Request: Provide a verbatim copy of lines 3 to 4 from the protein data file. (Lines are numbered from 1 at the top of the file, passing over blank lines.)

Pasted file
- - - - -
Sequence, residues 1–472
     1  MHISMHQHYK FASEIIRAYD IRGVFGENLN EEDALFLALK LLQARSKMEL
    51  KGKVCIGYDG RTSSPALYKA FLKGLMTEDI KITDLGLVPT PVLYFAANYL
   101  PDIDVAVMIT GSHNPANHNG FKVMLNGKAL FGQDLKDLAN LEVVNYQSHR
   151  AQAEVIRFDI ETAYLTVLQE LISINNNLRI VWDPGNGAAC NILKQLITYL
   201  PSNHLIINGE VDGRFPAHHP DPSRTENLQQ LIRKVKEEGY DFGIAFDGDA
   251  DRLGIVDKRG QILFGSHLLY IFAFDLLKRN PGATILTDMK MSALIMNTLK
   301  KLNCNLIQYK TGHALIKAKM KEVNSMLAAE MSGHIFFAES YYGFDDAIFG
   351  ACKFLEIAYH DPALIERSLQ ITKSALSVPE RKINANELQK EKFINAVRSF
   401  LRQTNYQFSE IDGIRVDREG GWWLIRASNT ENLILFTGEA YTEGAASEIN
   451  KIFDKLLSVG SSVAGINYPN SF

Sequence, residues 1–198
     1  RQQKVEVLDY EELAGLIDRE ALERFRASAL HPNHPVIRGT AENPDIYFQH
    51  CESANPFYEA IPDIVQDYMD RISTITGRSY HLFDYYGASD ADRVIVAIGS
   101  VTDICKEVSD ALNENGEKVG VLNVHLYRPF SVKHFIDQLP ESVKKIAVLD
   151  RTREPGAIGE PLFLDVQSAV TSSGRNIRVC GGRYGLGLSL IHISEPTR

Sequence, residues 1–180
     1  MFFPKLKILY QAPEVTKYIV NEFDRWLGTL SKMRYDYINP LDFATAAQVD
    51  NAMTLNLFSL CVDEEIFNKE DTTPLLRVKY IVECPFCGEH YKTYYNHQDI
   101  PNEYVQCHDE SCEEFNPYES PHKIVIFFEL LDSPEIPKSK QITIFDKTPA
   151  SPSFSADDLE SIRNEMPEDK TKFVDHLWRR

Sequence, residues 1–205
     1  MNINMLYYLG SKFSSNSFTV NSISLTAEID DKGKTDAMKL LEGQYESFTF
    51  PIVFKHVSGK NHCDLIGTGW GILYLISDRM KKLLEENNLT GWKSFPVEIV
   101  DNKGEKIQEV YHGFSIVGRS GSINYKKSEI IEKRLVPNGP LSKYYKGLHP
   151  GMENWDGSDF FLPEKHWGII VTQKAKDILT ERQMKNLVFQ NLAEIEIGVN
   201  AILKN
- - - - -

    51  KGKVCIGYDG RTSSPALYKA FLKGLMTEDI KITDLGLVPT PVLYFAANYL
   101  PDIDVAVMIT GSHNPANHNG FKVMLNGKAL FGQDLKDLAN LEVVNYQSHR